Deep in underground laboratories sit some of humanity’s most sensitive detectors. Their purpose is to discover dark matter, an unknown substance that makes up ~80% of the mass in our universe, but whose nature remains shrouded in mystery. New particles with extremely weak interactions have been proposed as natural candidates for dark matter, and physicists are actively building detectors to search for them. In this lecture, Dr. Jelle Aalbers will discuss efforts to build and operate large detectors that search for rare small light flashes from dark matter particles bouncing off of regular atoms. He will present what we have learned so far from these experiments, including preliminary results from the LUX-ZEPLIN experiment, a dark matter detector filled with 7 tons of liquid xenon in a South Dakota gold mine.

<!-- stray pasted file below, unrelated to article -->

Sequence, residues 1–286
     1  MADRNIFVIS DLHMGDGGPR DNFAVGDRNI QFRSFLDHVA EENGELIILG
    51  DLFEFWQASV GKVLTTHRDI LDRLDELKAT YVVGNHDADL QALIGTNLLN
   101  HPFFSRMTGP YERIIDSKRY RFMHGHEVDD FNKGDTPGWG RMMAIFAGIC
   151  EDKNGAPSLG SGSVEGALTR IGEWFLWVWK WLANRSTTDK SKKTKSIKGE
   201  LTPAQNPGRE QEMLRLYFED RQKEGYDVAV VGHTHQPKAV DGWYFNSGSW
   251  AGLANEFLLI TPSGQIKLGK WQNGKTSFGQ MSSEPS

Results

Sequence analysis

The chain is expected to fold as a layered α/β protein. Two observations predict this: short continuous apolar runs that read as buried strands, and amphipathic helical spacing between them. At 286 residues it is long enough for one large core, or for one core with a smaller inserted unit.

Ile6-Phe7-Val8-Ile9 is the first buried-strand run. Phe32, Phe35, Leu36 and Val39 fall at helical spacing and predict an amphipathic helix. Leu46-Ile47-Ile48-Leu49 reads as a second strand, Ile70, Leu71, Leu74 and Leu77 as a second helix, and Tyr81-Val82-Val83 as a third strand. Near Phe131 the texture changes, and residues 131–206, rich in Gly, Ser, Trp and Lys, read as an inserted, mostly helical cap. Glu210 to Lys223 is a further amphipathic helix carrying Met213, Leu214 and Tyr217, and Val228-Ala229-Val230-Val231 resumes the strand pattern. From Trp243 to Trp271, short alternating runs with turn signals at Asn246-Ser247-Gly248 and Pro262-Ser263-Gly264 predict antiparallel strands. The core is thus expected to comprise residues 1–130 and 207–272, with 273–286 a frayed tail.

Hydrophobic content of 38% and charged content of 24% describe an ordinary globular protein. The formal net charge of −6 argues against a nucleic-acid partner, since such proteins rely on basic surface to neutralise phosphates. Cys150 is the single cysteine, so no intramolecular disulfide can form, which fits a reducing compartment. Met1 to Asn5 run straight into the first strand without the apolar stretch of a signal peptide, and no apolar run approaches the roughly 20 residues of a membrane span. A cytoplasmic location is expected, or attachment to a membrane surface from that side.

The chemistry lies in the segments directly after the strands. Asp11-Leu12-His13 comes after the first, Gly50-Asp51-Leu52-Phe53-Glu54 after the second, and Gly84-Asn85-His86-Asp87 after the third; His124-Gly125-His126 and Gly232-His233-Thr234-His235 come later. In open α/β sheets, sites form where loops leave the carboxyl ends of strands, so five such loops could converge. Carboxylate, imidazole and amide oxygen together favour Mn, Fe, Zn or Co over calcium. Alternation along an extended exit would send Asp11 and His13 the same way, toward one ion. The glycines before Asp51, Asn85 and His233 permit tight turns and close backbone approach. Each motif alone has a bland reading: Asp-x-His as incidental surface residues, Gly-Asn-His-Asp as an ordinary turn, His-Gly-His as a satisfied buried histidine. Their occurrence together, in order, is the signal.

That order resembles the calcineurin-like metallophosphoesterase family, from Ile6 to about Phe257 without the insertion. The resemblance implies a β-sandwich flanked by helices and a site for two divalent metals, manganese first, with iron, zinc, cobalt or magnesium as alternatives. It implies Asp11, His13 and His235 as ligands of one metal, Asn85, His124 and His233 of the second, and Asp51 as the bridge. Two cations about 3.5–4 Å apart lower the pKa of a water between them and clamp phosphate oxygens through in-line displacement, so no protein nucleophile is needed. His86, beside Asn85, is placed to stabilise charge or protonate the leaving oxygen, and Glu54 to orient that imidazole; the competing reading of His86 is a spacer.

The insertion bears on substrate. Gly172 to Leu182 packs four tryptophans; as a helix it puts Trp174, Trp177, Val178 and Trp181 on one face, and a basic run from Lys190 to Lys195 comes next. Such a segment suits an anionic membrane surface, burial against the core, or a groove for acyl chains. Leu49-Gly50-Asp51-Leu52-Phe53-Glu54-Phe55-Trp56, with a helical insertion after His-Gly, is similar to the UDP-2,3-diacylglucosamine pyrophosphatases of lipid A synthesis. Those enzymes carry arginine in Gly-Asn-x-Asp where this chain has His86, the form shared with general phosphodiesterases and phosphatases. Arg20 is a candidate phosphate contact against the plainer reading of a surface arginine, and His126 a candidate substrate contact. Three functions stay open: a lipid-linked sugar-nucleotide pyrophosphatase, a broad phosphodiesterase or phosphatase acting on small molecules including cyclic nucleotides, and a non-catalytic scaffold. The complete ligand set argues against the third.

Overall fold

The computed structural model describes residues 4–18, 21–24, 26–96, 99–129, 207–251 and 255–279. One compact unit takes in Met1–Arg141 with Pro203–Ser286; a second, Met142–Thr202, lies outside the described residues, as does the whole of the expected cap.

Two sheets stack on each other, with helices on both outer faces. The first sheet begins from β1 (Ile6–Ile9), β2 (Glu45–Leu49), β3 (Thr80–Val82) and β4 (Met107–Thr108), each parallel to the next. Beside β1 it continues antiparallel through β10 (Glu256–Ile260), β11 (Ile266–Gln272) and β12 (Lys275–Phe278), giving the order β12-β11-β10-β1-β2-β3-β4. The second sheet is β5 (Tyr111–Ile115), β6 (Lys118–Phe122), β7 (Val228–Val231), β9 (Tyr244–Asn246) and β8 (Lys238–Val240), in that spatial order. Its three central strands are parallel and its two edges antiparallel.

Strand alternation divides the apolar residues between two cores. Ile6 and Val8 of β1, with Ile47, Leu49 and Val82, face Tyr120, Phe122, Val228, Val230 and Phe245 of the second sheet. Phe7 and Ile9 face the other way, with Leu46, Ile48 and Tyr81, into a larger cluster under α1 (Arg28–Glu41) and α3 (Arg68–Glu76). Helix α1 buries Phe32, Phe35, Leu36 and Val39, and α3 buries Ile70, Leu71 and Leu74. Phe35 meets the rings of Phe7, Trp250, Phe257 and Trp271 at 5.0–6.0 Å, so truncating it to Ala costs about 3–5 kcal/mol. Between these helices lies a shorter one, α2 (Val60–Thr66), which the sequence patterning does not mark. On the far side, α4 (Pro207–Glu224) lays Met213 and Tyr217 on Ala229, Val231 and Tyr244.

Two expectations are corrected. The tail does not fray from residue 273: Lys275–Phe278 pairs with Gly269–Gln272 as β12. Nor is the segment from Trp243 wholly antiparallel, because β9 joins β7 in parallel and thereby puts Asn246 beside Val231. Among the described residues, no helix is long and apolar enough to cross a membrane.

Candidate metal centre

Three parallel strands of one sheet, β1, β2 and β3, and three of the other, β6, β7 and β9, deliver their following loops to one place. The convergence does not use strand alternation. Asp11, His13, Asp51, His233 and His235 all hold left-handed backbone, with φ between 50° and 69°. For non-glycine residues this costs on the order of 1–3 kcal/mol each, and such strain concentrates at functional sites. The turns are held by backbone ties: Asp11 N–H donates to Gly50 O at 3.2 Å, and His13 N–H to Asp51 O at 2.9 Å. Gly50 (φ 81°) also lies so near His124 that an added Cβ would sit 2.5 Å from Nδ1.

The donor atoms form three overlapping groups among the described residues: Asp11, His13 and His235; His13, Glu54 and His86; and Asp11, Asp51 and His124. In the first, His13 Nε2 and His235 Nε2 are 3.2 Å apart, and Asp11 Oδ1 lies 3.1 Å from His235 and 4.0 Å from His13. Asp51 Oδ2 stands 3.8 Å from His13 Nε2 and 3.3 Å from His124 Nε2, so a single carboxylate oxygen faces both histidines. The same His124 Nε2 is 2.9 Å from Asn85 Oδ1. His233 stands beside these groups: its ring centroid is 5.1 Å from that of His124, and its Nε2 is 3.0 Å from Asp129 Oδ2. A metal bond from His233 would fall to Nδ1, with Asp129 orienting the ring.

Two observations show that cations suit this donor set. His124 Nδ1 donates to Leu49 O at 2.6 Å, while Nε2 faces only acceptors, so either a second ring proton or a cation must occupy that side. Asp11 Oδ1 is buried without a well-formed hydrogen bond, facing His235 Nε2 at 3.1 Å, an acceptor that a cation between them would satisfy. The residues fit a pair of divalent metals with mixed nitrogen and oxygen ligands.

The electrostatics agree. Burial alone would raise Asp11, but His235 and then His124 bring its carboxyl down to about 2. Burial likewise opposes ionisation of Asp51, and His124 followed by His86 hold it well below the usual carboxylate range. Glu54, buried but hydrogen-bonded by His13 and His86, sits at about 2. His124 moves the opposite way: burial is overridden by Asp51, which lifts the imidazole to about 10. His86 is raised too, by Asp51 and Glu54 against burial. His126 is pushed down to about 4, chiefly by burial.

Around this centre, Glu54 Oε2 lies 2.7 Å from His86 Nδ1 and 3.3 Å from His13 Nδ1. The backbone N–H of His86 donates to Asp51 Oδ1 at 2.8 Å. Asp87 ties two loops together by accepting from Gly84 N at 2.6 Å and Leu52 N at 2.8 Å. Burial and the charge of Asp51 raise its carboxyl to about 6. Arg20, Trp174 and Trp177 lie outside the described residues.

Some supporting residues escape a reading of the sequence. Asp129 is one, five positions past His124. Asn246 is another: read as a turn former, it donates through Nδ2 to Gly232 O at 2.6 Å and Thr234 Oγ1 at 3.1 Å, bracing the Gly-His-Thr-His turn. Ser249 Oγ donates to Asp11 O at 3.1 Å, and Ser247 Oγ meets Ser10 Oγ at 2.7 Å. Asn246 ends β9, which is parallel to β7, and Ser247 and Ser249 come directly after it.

Speaker: Jelle Aalbers, Stanford University
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Stanford, CA 94305
Website: Click to Visit